As we head into this Memorial Day weekend, let us pause to reflect for a moment upon an especially bloody week in international pop music wars. On this side of the pond, we have one fallen Archuleta — but Cook is now King, and thankfully all is quiet on the American Idol front. Meanwhile in Europe however, the battle rages on: Since only Tuesday, 20 musical dreams have been rapidly dashed in the Eurovision Song Contest semifinals, with that many and more set to go down in (often literal) flames at tomorrow’s final in Belgrade.
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While Eurovision 2008′s semis on Tuesday and Thursday went mostly as betmakers had predicted, notable carnage included Ireland’s turkey handpuppet entry Dustin getting dustbinned, and Bulgaria’s techno throwback Deep Zone getting, well, deep zoned. Surprise survivors include this year’s only American-born dog in the race, Seattle-born Isis Gee (short for the God-bless-you-inducing Gołębiowska), who’s competing for her husband’s native Poland with “For Life.” While easily sporting the most unnatural tan and teeth of all 25 remaining finalists, Gee hasn’t an orange Yankee snowball’s chance in Serbia of winning, being neither really Slav nor diva enough to face this year’s field.
For indeed, the Eurovision 2008 stage is now firmly set for Dima versus Diva: Slavic Smackdown. In the eastern corner, we have Russia’s sensual and intense Dima Bilan, returning from his surprise defeat in 2006 to Finnish rockers Lordi, and praying that this year’s Finn-rockers Teräsbetoni won’t pull off any sort of similar upset (though shortening betting odds suggest that they just could). In the only-slightly-less-eastern corner comes Ukraine’s Ani Lorak, the sultry dance diva bent on giving Bilan a high energy run for his rubles. Adding to the tension, waiting nearby in the wings for either one to falter is another super-diva, Sweden’s Charlotte Perrelli, who as the 1999 Eurovision champ knows better than either how to get the job done.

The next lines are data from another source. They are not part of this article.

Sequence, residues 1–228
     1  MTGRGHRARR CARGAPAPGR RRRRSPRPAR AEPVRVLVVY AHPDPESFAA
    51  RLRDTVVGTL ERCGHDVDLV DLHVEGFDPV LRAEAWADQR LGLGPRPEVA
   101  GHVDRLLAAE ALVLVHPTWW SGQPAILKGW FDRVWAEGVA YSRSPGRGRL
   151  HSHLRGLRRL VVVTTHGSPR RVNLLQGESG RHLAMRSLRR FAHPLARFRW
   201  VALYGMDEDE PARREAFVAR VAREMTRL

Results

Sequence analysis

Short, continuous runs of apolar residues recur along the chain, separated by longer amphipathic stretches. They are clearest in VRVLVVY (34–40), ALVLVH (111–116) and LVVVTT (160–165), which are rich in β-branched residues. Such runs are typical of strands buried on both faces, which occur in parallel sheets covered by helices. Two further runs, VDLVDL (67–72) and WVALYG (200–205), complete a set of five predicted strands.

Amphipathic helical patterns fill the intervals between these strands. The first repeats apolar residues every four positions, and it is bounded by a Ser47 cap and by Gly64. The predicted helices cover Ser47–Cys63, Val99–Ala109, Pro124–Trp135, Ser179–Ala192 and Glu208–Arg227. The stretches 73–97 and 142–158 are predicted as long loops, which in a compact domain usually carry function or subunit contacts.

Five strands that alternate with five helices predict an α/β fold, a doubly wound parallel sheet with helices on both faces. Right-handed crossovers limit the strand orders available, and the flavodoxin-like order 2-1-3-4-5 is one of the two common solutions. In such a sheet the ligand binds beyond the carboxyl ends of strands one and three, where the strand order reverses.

Bilan, the heavy favorite going into this week, ruled Tuesday’s semi with a writhing, all-in-white, barefoot performance of his Timbaland-helmed personal faith mantra “Believe,” while — we shit you not — Russian gold medal-winning figure skater Evgeni Plushenko pirouetted around him on a mini ice rink. Meanwhile Lorak brought it bigtime to Thursday’s semi, humping in, out, and on top of magical light boxes with her incredibly infectious “Shady Lady.”
Aging diva Perrelli and her decent “Hero” stands the best chance in years (in fact, since her own win nine years ago) of bringing the prize back to Sweden, but she faces very tough competition this year — it’s been cattily noted that even Perrelli’s dress is worn far better by Lorak. Further back in the Eurovision pack but just within shooting range stand two more hungry divas, both with Middle Eastern tinges: Armenia’s Surisho with “Qele, Qele,” and Greece’s Kolamoira with “Winning Combination.”
In case Europe’s tastes happen to lean rock-ward again this year, it’ll have a number of well-amplified contestants from which to choose, including aforementioned Finn head-bangers Teräsbetoni with “Missä Miehet Ratsastaa,” first-time competitors Azerbaijan’s Elnur and Samir with the admirably rock-operatic “Day After Day,” and Turkey’s cute-if-a-bit-lackluster Mor ve Ötesi with “Deli.”
And should Europe go totally off its nut, there’s (as usual) an entry to fit that bill perfectly too: Bosnia & Hercegovina’s Laka, with the truly touched “Pokusaj.” Eurovision officials had to politely inform Laka he couldn’t bring with him the live chicken that helped win him the Bosnian final. No worries, said Laka, for the chicken made a lovely meal. One wonders if he bothered to cook it.
Tomorrow’s final will also mark the first appearance on the playing field by the United Kingdom, France, Spain and Germany (the Big Four, as they’re called), as well as Serbia (last year’s winner), none of whom have had to compete in the semis. Though France’s entry, “Divine,” is actually from noted hip dance music maker Sebastian Tellier, Serbia seems to be the only one of these five with any shot at the Eurovision prize via Jelena Tomašević’s “Oro”; but even her chances seem remote given the song’s pronounced similarity to last year’s winner, Marija Šerifović’s soaring sappho-ballad “Molitva.”
Which way will the Euro-blood inevitably run? We humbly predict that Ani Lorak will send poor Dima Bilan back to Moscow with his second second place defeat, and next year’s Eurovision madness will go down in Kiev (but it’ll be close, and frankly we’ve got money on each). Tomorrow beginning at 3pm Eastern, watch for yourself and wallow in the costumes, the camp, the feathers, the fire, and the irresistible high drama that is the Eurovision final.